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Global Bond Markets and its Impact

A well-functioning and self-sustaining capital market is an advanced economy’s underlying building block. Global bond markets are one of the most significant enablers within the capital markets. Capital markets, predominantly debt and equity, are vehicles for the critical functioning of the market and economy and provide liquidity, depth, transparency, the legal and regulatory framework for a smooth and continuous flow of credit across actors. As economies become more mature, capital markets become more sophisticated, and intangible factors become more prominent, including increased financial innovation, a tradition of public ownership and enhanced culture of trading, etc. As capital markets develop, they undergo two phases of development; an early and late phase. In the process, the role of operation infrastructure, policy analysis, its implementation, legal and regulatory enforcement, domestic investors, especially institutions, is paramount in driving participation among foreign (ancillary players) and retail investors. Furthermore, markets serve as a backbone for funding central/federal and state-level deficits and as a mechanism for raising capital for corporates. And yet one of the critical functions of the capital markets is to judiciously allocate capital optimally across the society significantly micro, small, and medium enterprises which remain underserved even in advanced economies. However, one key aspect often overlooked is the importance of a stable risk-free rate. With capital markets, debt markets are more prominent than equity capital markets. The bond market, which dominates the debt market, is skewed towards the sovereigns. To have stable debt capital markets, low, stable yields on treasuries are vital measures to keep funding stable. The risk-free rate is the benchmark for estimating expected return and market premium on risky assets. A high risk-free rate makes funding more expensive, making projects unviable to implement. Second, the depth of the bond market does matter to some degree for driving liquidity within the system. According to BIS, a minimum of $100 million to $200 million of outstanding government bonds facilitates the government bond market to function. Both Singapore and Hong Kong government used government and exchange fund paper to build the debt market. 2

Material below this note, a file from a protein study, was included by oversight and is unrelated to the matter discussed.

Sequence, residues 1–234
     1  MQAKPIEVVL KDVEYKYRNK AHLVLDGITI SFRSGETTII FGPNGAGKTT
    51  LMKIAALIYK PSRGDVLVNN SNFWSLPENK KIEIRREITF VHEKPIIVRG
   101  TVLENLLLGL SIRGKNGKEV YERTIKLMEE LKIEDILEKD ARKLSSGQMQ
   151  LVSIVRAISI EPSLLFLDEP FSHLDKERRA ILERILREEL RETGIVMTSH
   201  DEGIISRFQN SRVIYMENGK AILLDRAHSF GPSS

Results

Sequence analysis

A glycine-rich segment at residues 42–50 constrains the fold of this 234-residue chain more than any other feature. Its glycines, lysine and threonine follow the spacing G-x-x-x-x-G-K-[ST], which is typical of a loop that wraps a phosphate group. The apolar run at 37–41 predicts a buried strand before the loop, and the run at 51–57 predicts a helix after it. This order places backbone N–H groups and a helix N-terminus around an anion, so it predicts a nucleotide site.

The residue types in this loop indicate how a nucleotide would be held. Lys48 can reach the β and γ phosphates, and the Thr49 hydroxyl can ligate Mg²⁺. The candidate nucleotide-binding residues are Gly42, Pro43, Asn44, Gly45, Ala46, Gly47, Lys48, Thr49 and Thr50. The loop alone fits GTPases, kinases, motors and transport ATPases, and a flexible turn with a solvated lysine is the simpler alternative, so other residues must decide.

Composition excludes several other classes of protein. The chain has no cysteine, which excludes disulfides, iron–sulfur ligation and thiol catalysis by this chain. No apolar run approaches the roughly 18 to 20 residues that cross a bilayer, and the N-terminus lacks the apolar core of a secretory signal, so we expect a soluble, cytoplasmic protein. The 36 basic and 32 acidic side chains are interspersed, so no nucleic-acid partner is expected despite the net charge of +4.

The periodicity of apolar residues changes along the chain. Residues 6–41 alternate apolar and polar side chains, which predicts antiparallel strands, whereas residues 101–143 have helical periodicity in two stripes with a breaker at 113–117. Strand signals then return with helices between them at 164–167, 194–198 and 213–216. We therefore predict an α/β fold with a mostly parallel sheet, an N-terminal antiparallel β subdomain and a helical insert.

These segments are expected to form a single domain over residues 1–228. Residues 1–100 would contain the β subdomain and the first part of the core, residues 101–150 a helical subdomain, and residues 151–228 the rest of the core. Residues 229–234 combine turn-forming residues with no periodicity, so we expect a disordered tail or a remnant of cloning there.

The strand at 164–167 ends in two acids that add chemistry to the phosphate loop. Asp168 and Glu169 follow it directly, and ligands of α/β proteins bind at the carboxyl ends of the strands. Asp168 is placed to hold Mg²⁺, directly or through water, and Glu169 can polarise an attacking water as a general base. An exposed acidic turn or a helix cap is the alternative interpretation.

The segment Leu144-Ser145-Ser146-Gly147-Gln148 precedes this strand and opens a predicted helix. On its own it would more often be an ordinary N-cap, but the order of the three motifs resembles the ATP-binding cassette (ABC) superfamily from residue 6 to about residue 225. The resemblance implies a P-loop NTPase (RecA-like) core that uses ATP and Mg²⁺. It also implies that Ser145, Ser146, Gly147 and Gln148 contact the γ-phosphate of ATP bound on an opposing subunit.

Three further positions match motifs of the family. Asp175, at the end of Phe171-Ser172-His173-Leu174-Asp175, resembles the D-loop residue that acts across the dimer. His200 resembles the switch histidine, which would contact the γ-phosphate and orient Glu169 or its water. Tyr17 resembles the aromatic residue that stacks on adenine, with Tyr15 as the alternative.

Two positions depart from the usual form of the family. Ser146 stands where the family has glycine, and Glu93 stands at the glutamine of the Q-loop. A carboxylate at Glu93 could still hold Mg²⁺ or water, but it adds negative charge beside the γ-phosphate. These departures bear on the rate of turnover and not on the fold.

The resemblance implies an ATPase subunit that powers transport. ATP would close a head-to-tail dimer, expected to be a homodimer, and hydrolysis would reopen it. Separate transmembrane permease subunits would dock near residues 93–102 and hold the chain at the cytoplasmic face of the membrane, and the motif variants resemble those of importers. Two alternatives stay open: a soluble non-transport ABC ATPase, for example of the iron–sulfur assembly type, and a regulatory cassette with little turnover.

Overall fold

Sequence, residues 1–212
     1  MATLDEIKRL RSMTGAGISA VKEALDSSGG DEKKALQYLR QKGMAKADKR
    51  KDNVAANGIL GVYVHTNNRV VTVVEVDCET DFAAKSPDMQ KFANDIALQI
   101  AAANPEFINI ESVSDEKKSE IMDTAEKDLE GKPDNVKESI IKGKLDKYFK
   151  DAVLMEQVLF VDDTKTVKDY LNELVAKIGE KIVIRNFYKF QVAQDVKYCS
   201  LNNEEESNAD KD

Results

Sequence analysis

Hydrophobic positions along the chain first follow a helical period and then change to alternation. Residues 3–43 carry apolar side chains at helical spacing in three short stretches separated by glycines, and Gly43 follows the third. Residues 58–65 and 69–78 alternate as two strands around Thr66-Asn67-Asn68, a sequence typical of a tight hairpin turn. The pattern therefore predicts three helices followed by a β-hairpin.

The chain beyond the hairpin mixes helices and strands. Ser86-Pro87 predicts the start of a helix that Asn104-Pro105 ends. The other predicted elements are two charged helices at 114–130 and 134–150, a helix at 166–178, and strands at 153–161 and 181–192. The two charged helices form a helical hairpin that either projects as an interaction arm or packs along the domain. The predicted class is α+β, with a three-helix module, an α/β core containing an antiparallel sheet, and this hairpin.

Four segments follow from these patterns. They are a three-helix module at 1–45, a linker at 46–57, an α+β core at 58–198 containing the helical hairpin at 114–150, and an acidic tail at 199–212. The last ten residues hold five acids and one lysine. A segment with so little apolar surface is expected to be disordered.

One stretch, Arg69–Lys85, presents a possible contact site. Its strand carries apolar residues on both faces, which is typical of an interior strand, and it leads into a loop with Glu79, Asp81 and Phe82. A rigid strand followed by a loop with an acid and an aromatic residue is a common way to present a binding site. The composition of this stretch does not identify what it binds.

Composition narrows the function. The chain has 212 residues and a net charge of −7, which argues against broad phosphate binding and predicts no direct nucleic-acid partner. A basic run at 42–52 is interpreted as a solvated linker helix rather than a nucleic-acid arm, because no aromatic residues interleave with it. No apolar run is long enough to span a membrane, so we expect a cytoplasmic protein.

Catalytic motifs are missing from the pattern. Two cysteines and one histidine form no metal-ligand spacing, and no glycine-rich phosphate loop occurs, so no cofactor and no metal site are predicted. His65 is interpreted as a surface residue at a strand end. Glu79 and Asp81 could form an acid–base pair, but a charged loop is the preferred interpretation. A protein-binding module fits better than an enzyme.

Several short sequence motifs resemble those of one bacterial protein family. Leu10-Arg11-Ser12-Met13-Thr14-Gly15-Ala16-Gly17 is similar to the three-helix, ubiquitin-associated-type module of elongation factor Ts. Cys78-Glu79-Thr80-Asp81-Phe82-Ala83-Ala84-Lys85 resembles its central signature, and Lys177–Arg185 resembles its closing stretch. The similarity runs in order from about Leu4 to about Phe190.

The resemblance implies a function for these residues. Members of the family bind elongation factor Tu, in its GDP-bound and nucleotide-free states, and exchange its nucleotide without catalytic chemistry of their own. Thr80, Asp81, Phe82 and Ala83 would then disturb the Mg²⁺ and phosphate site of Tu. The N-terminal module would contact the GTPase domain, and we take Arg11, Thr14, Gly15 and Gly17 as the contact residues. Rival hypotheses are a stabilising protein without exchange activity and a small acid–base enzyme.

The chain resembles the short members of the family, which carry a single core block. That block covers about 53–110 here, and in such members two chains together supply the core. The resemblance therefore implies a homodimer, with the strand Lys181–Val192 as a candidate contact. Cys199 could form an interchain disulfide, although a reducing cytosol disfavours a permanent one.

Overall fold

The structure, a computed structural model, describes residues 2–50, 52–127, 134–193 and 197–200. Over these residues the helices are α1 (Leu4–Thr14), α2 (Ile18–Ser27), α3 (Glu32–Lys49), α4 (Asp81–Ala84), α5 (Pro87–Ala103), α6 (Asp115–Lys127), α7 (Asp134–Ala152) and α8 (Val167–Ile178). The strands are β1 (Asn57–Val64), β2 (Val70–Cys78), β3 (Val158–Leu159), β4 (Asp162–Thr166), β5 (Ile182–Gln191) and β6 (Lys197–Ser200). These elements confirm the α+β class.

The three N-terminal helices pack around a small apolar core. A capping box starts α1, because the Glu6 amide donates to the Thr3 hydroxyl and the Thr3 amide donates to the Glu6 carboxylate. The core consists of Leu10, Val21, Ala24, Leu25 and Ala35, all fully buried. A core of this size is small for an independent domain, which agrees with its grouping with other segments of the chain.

Its imperative to understand how the bond markets functions to understand the sustained social change and impact of capital markets within the global ecosystem. This article builds and complements the first tutorial on Global Bond markets published under the Tutorial section on The middle Road..